The Size and Scope of the Islamic Finance Industry: An Analysis

By Al-Salem, Faoud | International Journal of Management, March 2008 | Go to article overview

The Size and Scope of the Islamic Finance Industry: An Analysis


Al-Salem, Faoud, International Journal of Management


The few previous attempts to estimate the size and scope of the Islamic finance industry have been imprecise or incomplete. To fill this gap in knowledge, the present study summarizes estimations of the size and scope of the industry by its own practitioners in Kuwait and the Gulf Region. The study results show that over 60 per cent of the industry's assets are in Middle East countries, that the average growth in the industry, measured by total assets controlled, is estimated to have been 25 per cent over the past five years. More data is needed to improve our understanding of what is a relatively new force in world banking.

Introduction

Financial markets and the financial industry are seeing the growth of Islamic banking and finance. Islamic finance forbids dealing in interest as a cost or return on funds, a basic difference with traditional finance. Islamic banks and financial institutions are ones that operate within this prohibition, typically have their headquarters in Islamic countries and are geared to the needs and customs of companies and businesses run and owned by Islamic businesspersons. While it is relatively easy to identify Islamic banks and financial institutions, no research has specifically addressed the question how efficient and effective such organizations are in the countries in which they operate most heavily, such as in the Middle East countries. Several related questions need to be examined in this respect, such as: How well do Islamic financial institutions actually perform compared to their Non-Islamic or Western counterparts? What is the current size and scope of the Islamic finance industry? What is the market for the Islamic banking and financial industry in Moslem and and Non-Moslem countries. What kinds of services are provided by the Islamic finance industry?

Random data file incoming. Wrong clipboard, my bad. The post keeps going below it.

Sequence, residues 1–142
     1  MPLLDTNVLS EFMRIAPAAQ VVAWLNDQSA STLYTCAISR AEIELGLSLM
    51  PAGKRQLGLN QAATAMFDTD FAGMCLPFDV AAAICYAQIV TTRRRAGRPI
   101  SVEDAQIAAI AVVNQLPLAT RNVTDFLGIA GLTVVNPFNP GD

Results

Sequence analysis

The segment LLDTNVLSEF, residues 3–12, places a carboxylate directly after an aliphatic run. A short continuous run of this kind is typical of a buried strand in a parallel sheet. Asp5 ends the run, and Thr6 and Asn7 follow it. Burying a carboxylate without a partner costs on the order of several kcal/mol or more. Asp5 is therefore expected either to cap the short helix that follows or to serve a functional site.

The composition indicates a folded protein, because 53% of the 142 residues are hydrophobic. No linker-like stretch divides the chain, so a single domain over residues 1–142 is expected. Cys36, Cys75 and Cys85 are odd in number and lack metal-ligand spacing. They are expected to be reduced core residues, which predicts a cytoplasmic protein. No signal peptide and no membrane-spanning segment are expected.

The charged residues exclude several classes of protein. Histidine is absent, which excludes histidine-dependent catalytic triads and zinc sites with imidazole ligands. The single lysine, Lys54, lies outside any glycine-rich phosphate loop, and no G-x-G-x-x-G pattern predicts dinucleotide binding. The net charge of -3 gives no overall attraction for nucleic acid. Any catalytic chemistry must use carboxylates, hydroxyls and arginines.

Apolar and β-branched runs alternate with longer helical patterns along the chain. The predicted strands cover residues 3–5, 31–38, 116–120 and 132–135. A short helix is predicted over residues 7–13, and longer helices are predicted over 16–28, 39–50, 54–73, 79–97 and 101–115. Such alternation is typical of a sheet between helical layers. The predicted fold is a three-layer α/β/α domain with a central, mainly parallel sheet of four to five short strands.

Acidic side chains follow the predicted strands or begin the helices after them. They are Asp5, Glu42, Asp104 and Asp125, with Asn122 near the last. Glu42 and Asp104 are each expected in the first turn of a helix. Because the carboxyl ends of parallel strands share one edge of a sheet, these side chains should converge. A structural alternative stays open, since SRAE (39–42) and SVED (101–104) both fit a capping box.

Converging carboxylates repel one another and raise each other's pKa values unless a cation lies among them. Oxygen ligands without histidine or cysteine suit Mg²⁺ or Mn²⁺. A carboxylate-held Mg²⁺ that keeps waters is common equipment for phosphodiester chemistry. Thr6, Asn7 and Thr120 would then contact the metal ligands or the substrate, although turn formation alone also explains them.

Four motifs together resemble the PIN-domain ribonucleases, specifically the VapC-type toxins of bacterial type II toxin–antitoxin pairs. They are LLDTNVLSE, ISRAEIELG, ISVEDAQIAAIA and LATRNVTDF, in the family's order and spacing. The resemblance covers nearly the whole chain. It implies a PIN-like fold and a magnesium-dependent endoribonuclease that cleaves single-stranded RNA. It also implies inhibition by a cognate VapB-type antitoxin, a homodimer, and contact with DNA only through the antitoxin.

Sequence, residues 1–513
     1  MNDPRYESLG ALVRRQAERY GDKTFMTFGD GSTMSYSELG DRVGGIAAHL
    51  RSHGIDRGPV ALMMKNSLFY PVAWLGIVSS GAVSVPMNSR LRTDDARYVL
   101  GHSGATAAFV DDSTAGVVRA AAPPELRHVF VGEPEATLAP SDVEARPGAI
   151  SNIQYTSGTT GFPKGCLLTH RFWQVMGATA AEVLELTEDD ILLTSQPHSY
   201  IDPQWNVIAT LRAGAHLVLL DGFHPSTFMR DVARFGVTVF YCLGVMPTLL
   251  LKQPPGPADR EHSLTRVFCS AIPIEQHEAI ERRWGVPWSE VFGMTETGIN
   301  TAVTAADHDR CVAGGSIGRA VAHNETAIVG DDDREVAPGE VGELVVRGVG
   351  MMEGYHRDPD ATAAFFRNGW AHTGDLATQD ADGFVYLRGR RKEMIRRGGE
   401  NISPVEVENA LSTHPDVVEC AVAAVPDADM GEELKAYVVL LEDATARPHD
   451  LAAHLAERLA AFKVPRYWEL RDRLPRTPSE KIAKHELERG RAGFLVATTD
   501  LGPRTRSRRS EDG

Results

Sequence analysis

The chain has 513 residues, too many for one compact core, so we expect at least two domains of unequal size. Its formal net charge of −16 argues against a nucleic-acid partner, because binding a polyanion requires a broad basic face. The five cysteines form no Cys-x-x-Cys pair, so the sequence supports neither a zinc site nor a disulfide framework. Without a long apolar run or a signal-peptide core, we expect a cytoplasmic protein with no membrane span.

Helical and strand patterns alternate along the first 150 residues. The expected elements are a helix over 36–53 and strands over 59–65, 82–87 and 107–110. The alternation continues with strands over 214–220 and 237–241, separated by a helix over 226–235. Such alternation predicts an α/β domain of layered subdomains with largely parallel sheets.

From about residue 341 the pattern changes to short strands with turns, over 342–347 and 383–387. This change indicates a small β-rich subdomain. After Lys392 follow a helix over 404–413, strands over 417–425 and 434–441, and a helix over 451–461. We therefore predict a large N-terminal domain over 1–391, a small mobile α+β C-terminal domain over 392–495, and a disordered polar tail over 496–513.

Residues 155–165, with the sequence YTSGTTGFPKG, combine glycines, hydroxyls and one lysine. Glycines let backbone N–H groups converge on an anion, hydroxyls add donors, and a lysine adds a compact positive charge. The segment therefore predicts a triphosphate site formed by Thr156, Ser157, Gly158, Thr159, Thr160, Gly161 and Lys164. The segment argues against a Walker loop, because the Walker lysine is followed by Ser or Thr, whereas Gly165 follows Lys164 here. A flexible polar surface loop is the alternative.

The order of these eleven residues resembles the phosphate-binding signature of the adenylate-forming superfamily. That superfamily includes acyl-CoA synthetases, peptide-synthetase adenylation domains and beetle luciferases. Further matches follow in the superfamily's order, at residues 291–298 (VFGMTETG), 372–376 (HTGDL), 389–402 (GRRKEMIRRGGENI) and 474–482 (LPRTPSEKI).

The history of Islamic banking dates back to 1975, with the establishment of Bank Faisal. This bank experienced strong growth from its inception due to the strong demand for Islamic banking services in the countries in which it operated. Since then many international banks have established Islamic banking 'units' or 'windows' to provide financial services and products that are in compliance with Sharia-The Islamic Legal Code which expressly forbids dealing in interest as a cost or return on funds.

The growth, in both size and in diversity in the Islamic finance industry has been especially strong over the past few years. Islamic financing has expanded from being an investment vehicle for individuals in retail banking to a diversified sector in its own right to an extent that covers so-called 'sovereign' issues as well as the and the financing of a variety of infrastructure projects. The diversity in that sector is evidenced by the large number of corporate investors who are playing a more significant role in raising financing based on Islamic principles (Devaux, 2005).

Size of the Industry

The statistics on the Islamic finance industry show a growth in the number of institutions, in the size of their operations, and in the diversity of products and services provided. The size of the Islamic finance industry can be estimated in a number of different ways, a problem because this can lead to different estimates of its size and scope, something that is clearly evidenced by Table I. As this table makes clear, there are several ways in the actual size of the industry can and has been estimated.

The first way of estimating the future size of the industry concerns its 'potential' expressed in the form of estimates of likely growth and development, refers to the potential of the Islamic finance industry, without specifying figures. Such admittedly subjective estimates from experts with experience of the industry suggest that Islamic banking services are attracting a 'very large' market and are becoming increasingly 'popular' in the countries in which they are mainly concentrated. This estimation is supported by the fact that there has been a significant growth in the number of Islamic banks and institutions and in their assets, with estimates of growth in its 'banking activity as being at an annual rate of 15% , a figure that some regard as constituting adequate proof of its importance and attractiveness (Jafri, 2006). …

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